In the wake of poor Daniel Pearl's horrible murder, CNN news anchors took a break from celebrating the Islamic Hajj and turned their short attention spans to celebrating themselves. The better part of the somber day was given over to praising the journalistic endeavor of truth seeking.
Granted, reporters usually manage to convey the minutiae of a story accurately. But on the meta-level, they are up to their clavicles in myth making and "bias."
For instance, since 9/11, the media have militantly outshone Muslim leaders in distancing the faith of Islam from the acts of violence perpetrated by Muslims in the name of Islam. This is a new consensus-shaping mantra. Any acts of brutality by Muslims are, as the CNN imams are quick to point out, gross perversions of Islam. And every Muslim who kills is in revolt against the genuine Islamic faith.
Such reflexive proselytizing has prompted Bernard Lewis, leading scholar of Islam, to ponder the presumptuousness of "those who are not Muslims," yet are making pronouncements about "what is orthodox and what is heretical in Islam." With so many respected Muslim clerics blessing suicide bombings as a "supreme form of jihad," Islam's peacefulness is far from clear cut, although evidence is not likely to dampen the typical TV male and female bimbos' crusade.
Why confine the scope of discussion to Islam's true hue? Our media dunderheads consider almost any person who does bad things to be in revolt against his essential nature. The journalist's Rousseauist worldview rejects the reality of evil in human nature. When people do ghastly things it is because environmental and institutional contingencies stymie them. The narrative in the media invariably adheres to the following lines: People kill, lie and cheat because they are poor, unemployed, black, female, depressed, uneducated, don't live in a democracy, or need to have what others have acquired.
The media's depiction of the route to a better world is consistent with their view that the locus of control over good or bad is not in the human being's heart and mind but in the external forces that act on him. Else why would the network folks almost always insist that mishaps so typical of the human condition be "remedied" with elaborate social engineering?
Particularly chilling and revealing were the words of Danny Pearl's widow, herself a journalist. "Revenge," wrote Mariane Pearl, "would be easy, but it is far more valuable…to address this problem of terrorism with enough honesty to question our own responsibility as nations and as individuals for the rise of terrorism."
Note how Mrs. Pearl nihilistically frames punishment as vengeance. Note how she then proceeds to shift responsibility away from the subhumans that slit her husband's throat, hinting at larger, emblematic processes. This truth-deflecting nonsense is insidious among members of the media.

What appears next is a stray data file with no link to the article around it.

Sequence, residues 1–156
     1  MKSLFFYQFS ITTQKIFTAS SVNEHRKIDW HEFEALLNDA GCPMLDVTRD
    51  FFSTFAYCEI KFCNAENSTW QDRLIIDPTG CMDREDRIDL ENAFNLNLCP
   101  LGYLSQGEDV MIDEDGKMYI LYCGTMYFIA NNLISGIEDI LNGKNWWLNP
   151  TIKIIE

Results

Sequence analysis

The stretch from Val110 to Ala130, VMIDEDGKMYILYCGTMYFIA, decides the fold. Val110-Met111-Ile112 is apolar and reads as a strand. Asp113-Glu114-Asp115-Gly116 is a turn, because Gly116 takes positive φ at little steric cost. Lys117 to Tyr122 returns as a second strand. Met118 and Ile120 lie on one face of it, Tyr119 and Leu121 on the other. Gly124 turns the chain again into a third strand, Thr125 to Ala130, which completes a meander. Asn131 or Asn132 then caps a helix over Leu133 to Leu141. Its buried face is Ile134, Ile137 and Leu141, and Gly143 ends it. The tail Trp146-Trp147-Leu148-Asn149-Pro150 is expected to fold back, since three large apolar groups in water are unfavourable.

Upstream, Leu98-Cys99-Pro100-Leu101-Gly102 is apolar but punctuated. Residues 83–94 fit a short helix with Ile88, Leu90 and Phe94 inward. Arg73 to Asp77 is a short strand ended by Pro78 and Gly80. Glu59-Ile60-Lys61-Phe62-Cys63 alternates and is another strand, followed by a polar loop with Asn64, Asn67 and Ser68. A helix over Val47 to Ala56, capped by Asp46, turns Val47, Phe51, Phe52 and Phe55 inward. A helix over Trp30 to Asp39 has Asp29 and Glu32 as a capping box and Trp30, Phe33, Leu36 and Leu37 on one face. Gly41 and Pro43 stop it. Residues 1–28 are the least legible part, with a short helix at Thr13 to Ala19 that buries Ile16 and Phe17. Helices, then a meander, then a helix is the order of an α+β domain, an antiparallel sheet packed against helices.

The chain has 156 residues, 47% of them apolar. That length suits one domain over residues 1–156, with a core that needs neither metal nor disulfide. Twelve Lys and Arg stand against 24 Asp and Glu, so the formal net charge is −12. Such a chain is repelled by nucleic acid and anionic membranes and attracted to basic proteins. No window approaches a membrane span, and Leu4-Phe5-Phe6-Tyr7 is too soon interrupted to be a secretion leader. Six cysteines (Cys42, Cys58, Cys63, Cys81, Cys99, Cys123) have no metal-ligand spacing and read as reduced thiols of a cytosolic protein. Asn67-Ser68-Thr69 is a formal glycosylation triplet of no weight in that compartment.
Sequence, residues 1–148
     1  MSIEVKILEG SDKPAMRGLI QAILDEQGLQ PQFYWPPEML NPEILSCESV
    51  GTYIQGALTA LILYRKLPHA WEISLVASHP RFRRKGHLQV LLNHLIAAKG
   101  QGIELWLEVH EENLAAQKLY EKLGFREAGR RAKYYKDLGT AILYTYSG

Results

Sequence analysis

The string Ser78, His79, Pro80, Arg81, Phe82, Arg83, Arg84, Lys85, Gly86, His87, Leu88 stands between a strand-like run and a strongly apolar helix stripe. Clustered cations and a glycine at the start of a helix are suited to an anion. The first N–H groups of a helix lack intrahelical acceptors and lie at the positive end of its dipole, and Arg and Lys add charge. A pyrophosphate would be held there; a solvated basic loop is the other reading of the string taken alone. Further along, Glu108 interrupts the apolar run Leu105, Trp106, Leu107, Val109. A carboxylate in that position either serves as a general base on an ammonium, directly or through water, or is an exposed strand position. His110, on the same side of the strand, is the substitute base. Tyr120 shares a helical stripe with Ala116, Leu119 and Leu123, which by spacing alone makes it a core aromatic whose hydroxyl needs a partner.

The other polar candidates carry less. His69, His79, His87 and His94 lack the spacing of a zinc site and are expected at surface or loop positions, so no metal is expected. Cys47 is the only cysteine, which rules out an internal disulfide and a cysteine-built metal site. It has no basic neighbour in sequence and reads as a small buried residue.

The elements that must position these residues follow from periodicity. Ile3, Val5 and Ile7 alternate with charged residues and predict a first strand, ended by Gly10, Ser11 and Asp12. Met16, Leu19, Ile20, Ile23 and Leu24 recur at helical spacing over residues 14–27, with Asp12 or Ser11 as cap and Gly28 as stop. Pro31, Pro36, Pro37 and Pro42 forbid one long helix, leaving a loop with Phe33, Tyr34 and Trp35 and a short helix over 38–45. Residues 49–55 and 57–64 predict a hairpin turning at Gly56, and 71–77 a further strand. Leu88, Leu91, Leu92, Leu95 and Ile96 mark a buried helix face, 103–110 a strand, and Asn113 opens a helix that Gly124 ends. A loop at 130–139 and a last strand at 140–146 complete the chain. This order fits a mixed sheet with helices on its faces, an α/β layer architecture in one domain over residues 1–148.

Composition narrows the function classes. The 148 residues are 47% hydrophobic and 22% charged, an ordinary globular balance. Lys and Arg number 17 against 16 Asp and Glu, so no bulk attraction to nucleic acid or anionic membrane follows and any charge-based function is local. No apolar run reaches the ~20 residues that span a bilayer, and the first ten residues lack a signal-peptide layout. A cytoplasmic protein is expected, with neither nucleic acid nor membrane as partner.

Mrs. Pearl sums up her sorrow-filled address by calling on "our governments to work hand in hand," and for "love, compassion, friendship and citizenship" to transcend the so-called "clash of civilizations." In journalese, this is generally a clarion call for the staple, governmental, therapeutic overtures. To wit, central planners must remain nationally and internationally vigilant about rewarding bummery and thuggery with the property of the prosperous.
There must be a great deal riding on a recently seeded lie that poverty causes terrorism. Irrespective of thorough refutation from scholars like Daniel Pipes, the media ignoramuses and their political co-religionists are at pains to flog this hobbyhorse.
"Militant Islam (or Islamism)," concludes Pipes, "is not a response to poverty or impoverishment; not only are Bangladesh and Iraq not hotbeds of militant Islam, but militant Islam has often surged in countries experiencing rapid economic growth." Suicide bombers and backers of extremism tend to be well educated and well off. Research so far offers overwhelming support for the fact that "the elite flocks to Islamist ideology, and that militant Islam results more from success than from failure."
Moreover, why cast aspersions on the poorest of the poor? I don't see sub-Saharan Africans mounting a global, anti-Western, terrorist offensive.
Mr. Libertarian himself, Murray Rothbard, was careful to steer clear of such cardinal errors:
"In dealing with crime," writes Rothbard in Hutus vs. Tutsis, "…liberals are concentrating on the wrong root causes. That is, on "poverty" or "child abuse" instead of a rotten immoral character and the factors that may give rise to such a character, e.g., lack of respect for private property, unwillingness to work," and an emphasis on immediate gratification.
Then again, inversion of the proper moral order to the satisfaction of the liberal media is achieved when victim compensates victimizer, and when the prudent and risk averse prop up the reckless.
© By ILANA MERCER
February 27, 2002